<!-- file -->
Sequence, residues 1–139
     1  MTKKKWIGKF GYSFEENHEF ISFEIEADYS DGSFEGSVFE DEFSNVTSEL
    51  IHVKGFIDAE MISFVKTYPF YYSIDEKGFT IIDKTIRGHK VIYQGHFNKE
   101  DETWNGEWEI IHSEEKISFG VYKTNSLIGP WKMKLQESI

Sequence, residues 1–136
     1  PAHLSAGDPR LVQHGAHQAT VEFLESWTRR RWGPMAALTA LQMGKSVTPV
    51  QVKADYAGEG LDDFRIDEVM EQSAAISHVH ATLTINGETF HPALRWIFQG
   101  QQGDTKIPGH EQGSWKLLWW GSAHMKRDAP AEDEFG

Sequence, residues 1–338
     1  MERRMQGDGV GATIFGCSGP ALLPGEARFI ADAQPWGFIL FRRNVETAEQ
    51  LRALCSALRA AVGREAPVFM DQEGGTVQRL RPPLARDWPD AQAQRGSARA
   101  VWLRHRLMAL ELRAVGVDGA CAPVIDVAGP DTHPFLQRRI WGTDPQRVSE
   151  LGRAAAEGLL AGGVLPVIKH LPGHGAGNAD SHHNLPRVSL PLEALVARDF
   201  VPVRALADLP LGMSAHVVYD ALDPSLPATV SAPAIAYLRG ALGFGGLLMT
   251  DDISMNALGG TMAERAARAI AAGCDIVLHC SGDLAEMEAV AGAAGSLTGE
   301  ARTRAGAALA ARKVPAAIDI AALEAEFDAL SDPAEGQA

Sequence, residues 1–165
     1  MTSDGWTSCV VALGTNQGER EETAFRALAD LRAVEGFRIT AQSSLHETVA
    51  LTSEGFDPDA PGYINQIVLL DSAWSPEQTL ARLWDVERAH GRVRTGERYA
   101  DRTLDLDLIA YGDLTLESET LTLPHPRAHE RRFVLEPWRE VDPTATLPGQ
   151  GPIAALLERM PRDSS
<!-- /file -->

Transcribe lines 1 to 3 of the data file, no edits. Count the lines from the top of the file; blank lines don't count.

Sequence, residues 1–139
     1  MTKKKWIGKF GYSFEENHEF ISFEIEADYS DGSFEGSVFE DEFSNVTSEL
    51  IHVKGFIDAE MISFVKTYPF YYSIDEKGFT IIDKTIRGHK VIYQGHFNKE